God knew that a famine was coming and that if nothing was done, many lives would end. So to preserve life, he chose a God-fearing man named Joseph and used his brothers' envy to bring him to Egypt. Was it any coincidence that he was sold to Potiphar, whose immoral wife tried to seduce him and when he refused, falsely accused him? Was it any coincidence that Joseph was in prison at the same time that Pharaoh's butler and baker were there? Was it any coincidence that he had the opportunity to interpret their dreams? Of course, these were not coincidences. It was the providential hand of God!
It's also important to note that Joseph, despite the trials that he faced, endured and remained faithful to God. In Genesis 39:9, when Potiphar's wife tempted him, he said to her, "How then can I do this great wickedness, and sin against God?" Then, when he met the butler and baker in prison and they told him about their dreams, he responded, "Do not interpretations belong to god? Tell them to me, please." When Joseph encountered severe hardship, he didn't question God or turn against the Almighty. He held fast to God's name!
This brings me to the final point of this article. Notice Psalm 105:17-19. As the psalmist overviews the history of Israel, he says in verse 17, "He sent a man before them--Joseph--who was sold as a slave...The word of the Lord tested him." Did you catch that? As we learned earlier, God is the one who sent Joseph to Egypt; God was working providentially in Joseph's life to bring him to this position of prominance that he might preserve life...but all the while he was testing Joseph.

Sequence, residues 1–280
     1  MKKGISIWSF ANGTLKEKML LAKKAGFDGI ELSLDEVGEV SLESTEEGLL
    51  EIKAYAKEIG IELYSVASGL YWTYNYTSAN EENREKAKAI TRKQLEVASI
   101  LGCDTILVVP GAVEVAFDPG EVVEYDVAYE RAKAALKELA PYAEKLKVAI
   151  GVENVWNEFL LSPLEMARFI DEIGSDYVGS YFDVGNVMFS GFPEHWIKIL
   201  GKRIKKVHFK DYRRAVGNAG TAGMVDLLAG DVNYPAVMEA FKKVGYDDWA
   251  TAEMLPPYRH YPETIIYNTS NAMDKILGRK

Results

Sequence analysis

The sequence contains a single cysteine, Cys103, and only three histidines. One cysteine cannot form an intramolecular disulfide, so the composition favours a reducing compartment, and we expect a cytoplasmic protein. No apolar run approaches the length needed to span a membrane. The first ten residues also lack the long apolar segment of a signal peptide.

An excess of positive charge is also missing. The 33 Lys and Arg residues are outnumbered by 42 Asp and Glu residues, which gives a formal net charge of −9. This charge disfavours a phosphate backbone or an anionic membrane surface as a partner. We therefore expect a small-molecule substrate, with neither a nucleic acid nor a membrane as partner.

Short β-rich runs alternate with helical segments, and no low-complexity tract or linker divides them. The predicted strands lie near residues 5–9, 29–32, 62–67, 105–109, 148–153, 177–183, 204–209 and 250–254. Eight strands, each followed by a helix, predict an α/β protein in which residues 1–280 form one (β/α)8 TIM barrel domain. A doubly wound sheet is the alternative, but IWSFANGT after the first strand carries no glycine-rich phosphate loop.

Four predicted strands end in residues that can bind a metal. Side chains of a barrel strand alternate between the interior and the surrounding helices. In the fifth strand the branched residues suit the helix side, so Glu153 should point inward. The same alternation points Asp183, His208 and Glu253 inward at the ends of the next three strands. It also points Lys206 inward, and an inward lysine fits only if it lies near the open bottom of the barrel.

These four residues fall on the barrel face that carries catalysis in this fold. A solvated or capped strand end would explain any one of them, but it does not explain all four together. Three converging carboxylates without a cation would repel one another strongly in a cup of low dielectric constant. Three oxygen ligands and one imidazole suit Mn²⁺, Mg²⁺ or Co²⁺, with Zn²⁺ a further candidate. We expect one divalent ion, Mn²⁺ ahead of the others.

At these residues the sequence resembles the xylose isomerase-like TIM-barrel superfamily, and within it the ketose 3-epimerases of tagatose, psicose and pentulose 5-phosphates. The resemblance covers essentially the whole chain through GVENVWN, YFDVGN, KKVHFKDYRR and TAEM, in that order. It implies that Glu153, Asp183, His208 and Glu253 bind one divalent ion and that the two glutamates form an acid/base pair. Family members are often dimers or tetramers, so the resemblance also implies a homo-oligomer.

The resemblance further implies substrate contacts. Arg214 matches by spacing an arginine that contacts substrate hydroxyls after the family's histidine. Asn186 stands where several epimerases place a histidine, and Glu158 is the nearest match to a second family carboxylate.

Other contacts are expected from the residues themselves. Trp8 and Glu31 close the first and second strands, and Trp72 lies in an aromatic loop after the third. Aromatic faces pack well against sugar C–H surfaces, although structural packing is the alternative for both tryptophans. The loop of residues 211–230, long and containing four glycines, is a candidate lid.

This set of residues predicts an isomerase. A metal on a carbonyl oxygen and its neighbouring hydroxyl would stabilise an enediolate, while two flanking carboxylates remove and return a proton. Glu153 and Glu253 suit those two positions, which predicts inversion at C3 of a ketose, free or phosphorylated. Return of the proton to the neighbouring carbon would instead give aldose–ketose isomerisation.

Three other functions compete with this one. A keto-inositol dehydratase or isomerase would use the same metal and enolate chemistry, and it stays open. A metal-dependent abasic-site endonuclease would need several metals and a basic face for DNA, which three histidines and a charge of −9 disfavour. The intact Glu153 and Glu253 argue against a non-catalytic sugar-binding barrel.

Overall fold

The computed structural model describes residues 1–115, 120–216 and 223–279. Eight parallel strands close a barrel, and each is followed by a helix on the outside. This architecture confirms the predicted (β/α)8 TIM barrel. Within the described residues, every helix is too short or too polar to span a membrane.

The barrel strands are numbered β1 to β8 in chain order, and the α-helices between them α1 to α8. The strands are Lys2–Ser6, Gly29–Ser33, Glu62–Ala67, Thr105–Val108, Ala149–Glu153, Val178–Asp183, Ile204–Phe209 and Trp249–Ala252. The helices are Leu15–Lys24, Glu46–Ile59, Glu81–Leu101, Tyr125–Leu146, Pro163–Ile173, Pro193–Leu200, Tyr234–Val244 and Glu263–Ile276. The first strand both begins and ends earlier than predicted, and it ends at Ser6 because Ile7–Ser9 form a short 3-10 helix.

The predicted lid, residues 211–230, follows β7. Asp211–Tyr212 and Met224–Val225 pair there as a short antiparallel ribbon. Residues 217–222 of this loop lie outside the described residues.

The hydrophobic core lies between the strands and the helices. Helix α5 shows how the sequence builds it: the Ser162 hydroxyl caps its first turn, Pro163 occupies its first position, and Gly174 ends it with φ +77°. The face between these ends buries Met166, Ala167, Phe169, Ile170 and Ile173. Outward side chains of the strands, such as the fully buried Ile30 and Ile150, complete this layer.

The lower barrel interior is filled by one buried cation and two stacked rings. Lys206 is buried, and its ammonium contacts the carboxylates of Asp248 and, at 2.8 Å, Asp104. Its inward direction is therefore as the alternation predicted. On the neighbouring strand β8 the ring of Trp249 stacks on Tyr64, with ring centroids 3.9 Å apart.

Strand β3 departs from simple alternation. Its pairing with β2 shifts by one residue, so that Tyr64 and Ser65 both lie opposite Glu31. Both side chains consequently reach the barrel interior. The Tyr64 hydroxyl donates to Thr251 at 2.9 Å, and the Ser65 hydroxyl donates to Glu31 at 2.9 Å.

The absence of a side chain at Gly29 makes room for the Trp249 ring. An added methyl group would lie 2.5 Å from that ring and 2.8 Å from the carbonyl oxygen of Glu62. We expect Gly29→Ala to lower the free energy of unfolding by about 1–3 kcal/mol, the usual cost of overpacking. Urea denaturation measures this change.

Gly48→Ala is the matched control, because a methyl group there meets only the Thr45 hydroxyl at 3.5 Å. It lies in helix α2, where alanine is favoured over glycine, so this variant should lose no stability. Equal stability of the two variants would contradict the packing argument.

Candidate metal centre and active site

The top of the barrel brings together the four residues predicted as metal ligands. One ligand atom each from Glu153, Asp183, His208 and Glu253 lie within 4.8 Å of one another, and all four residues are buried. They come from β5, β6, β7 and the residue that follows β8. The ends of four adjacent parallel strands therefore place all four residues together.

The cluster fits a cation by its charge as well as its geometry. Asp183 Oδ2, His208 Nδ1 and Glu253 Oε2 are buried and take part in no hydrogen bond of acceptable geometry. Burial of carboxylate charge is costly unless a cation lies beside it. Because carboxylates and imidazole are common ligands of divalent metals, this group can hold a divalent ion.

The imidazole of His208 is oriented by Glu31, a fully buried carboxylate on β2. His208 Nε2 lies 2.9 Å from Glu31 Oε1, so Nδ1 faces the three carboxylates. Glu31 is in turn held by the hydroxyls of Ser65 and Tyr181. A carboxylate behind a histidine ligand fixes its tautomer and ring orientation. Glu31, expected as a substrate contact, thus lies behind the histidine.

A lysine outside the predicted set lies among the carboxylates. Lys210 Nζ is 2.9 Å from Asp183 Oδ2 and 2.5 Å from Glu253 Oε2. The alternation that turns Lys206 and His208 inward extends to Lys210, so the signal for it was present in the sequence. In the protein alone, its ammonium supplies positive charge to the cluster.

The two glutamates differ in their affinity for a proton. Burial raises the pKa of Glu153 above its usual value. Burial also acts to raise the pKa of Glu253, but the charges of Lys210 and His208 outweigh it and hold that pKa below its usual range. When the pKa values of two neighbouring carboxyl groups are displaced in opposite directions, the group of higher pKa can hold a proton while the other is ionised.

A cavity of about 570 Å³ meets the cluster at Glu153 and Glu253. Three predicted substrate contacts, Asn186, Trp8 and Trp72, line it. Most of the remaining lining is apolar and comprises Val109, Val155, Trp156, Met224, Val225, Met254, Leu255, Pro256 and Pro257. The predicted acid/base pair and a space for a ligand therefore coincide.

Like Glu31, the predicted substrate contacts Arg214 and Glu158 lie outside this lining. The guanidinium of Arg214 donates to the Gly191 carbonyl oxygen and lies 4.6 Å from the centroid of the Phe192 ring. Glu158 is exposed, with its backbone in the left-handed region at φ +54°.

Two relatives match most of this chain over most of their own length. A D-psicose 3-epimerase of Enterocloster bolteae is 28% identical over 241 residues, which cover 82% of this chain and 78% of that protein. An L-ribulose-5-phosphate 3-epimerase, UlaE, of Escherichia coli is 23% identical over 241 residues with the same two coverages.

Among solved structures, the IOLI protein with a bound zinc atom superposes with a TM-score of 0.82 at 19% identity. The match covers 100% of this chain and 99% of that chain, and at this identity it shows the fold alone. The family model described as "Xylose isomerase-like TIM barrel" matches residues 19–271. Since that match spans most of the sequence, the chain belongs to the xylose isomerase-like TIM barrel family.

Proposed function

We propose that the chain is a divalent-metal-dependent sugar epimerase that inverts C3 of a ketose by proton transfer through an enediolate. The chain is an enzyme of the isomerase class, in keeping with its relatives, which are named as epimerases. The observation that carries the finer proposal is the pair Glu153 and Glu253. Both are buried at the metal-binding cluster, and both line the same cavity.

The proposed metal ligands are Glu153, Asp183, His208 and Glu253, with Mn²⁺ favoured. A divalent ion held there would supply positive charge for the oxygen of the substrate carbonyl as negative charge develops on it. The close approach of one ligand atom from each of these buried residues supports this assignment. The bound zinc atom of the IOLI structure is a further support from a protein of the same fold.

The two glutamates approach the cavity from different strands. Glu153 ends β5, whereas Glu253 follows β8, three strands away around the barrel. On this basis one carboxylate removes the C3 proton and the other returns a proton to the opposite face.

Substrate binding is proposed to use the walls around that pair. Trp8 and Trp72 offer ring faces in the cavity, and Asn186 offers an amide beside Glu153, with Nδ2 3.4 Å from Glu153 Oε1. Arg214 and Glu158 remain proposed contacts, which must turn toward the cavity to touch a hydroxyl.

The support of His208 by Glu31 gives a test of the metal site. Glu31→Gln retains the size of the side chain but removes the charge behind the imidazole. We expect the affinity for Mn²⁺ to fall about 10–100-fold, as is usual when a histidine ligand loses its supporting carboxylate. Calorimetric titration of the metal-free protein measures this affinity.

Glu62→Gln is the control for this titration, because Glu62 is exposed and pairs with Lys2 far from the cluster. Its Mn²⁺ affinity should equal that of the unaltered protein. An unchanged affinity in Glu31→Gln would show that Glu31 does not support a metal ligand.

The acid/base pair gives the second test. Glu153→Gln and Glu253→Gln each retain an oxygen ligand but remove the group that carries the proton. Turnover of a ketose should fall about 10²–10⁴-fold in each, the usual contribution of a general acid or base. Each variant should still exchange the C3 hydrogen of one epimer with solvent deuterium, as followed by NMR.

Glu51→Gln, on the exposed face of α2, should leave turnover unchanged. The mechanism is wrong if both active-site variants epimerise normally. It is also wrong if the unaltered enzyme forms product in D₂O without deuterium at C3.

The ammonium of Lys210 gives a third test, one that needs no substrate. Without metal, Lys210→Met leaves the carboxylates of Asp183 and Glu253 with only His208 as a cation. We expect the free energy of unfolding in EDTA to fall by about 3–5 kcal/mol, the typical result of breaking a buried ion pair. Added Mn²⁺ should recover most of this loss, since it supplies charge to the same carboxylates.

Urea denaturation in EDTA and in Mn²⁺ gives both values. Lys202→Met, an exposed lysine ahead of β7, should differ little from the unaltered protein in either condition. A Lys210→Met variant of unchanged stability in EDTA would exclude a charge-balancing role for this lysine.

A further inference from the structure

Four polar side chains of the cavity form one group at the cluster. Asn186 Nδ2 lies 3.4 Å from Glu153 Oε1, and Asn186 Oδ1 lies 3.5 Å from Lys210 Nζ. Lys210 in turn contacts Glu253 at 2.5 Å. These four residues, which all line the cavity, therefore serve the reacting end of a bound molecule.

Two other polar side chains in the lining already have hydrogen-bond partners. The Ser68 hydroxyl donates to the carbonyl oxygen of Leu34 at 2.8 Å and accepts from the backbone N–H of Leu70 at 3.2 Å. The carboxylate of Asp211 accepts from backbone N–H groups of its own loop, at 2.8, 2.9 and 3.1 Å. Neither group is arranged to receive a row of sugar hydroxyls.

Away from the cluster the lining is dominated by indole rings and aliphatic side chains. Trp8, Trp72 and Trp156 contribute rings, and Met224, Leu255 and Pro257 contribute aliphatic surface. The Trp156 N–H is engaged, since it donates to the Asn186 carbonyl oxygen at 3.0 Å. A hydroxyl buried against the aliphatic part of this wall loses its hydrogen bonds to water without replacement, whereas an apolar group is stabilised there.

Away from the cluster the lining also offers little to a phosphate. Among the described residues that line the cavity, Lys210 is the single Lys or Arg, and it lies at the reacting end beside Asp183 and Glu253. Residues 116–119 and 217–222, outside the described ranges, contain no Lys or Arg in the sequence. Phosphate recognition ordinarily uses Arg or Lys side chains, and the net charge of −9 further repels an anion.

Let me ask you this question: What if Joseph had failed the test? What if, for example, he had fornicated with Potiphar's wife? What if he had rejected the Lord? Even though God was using Him, would God have continued to use Joseph if he had failed the test?
Yes, we are to be as clay in the Potter's hand. Yes, God uses us and works providentially in our lives, but we need to recognize that we have free-will, and thus we need to yield to God. Paul says in 2 Timothy 2:21, "Therefore if anyone cleanses himself from the latter, he will be a vessel for honor, sanctified and useful for the Maker, prepared for every good work." Joseph was useful to the Lord. He endured the many tests and trials of his life. As a result, God used Joseph to preserve life; His providential plan was carried out through Joseph. But if Joseph had proven himself to be unuseable; if he had failed the test, God wouldn't have used him, but would have resorted to alternative means to carry out His divine objective.
Are you useful to the Maker as Joseph was?
God has plans to use you, but you must yield to Him in order for His plan to be carried out. When you face trials and when you suffer, instead of asking "Why me?" recognize that it may not be about you at all. Hold fast to God's name and endure the trials of life that Christ's light may shine in your life. Let us learn from the story of Joseph.